My first camera back in Poland was DRUH, which I got when I was eight. It used large format film and had two aperture settings: sun and clouds. I almost exclusively used FOTOPAN, Polish black-and-white film.
My next camera was Russian SMENA 8M, 35 mm P&S, highly sophisticated as compared with DRUH. My SMENA helped me to preserve a lot of good memories from high school. It is still sitting boxed somewhere in my parents house in Poland.
My SMENA was superseded by ZENIT-E, Russian-built SLR, which I bought in East Germany after my first year of university. I worked hard for this camera logging trees around Jena for one full month. And later I had to work hard carrying it around, as it was pretty heavy. Heavy aside, it was a very reliable camera. Once, in Riga (Latvia), I dropped it from a waist height on a concrete paved sidewalk - I picked it up and it worked just fine. As the matter of fact it still works, although I rarely use it. Soon after the Riga incident, my ZENIT-E lost its timer. A friend of mine wanted to play a big-time photojournalist during the first visit of John Paul II to Cracow, but he did not have a decent camera. So, somewhat reluctantly, I lent him mine. A few days later he returned it damaged. When confronted about it, he claimed we were even because several of his films were fogged as the result of the timer problem. But really angry I became a few months later, when he wanted to borrow it again.
Sometimes later I upgraded to a newer, and even heavier, model ZENIT FM. In the Zenit era I started shooting color ORWO slide and negative film. ORWO negative film (and ORWO paper as well) was "warmer" than Kodak, meaning that with time even trees and sky in an image were turning red. I took a lot of precious pictures at that time and ORWO slides are still in a relatively good shape. The new Zenit FM served me well for several years until it was stolen in 1989 from my apartment in Boston, MA.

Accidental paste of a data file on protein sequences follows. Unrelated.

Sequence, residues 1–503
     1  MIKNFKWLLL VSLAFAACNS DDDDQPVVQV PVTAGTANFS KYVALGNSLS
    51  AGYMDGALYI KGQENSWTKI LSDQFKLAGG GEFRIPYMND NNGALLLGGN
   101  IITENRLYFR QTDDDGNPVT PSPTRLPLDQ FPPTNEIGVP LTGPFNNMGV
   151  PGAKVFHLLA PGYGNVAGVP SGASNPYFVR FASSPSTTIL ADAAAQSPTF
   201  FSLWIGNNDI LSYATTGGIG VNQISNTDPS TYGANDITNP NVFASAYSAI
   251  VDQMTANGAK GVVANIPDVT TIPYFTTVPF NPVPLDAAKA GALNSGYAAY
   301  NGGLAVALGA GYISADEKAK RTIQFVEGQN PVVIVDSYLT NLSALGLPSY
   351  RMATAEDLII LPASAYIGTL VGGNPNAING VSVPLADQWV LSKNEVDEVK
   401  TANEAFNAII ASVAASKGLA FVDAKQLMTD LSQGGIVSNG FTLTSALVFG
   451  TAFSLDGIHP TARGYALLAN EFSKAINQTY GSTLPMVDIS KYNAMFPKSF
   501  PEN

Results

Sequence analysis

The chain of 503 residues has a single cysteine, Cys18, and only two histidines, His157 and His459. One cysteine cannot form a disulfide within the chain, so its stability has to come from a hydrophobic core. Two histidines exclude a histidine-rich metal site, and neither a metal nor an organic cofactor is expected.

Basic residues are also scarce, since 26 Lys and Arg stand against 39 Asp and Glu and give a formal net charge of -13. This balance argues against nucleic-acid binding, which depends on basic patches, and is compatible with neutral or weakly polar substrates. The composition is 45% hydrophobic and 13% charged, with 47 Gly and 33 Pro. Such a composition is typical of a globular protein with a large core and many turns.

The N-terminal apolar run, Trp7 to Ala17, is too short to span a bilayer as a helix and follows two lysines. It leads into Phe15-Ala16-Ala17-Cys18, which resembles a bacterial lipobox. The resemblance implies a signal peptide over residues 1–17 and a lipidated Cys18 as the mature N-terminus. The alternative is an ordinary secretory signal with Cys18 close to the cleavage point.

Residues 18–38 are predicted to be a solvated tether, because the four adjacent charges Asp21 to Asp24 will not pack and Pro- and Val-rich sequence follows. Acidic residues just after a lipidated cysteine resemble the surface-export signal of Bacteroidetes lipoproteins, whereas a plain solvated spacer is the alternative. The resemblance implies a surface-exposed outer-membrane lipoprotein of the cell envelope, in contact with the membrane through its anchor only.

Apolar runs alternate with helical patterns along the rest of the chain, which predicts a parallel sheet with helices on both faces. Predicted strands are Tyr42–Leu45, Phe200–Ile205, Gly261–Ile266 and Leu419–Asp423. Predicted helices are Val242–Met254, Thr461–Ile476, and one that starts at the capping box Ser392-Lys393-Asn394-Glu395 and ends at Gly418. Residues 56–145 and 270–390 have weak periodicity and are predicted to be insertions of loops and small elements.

Soon after that I got a SAMSUNG P&S. For many years it served me very well. Later I passed it to my wife and my daughter. Some of the best moments of my family in 90s were preserved with this camera. I also used it to shoot hundreds of pictures on my trips to China, Japan, and Italy in early 90s.
While living in Japan, I bought in 1997 my Minolta alpha 707si, a SLR, which is known outside Japan as Maxxum or Dynax. I have used it for over 10 years and loved it very much. I shot with my Minolta several thousand pictures when traveling in 1996 and 1997 for several months in China and South-east Asia. During a day I always had my camera handy, and at night I slept with it (well, besides the rather expensive photo equipment, I also had several thousand dollars in cash and travelers cheques in my photo bag, which explains). During the last leg of my trip, I dropped my Minolta from about 2 feet on a grassy ground when hiking in western Nepal. The camera stopped working and the repair was rather costly. Well, Japanese technology of 90s failed where Russian technology of 70s performed well. However, rather than switching back to ZENIT, I decided to be more careful with handling my camera in the future.
I took me some time to go fully digital. First, I was waiting for several years for Minolta to come up with a digital SLR. Also, I was not sure that any digital camera I could afford would perform better than my film Minolta. Later, after Minolta came up with a digital SLR (7D), I was a little bit disappointed with the only 6 MP sensor, although the in-body image stabilization was a very tempting feature. In the meantime, I occasionally used a borrowed Nikon 995 (and, more recently, a Nikon P2, which bought for my wife). When I finally convinced myself to go with Minolta 7D anyway, the company folded Canadian operations and, later, left the camera business altogether. It was too much even for such a loyal Minolta user as I was. In April 2006 I bought Nikon D200 with an 18-200 VR lens. After several thousand "clicks" I am extremely happy with the new camera and hope not to shop for another one for at least a few years. Since April 2006, my Minolta is being pulled out of a bag only on special occasions.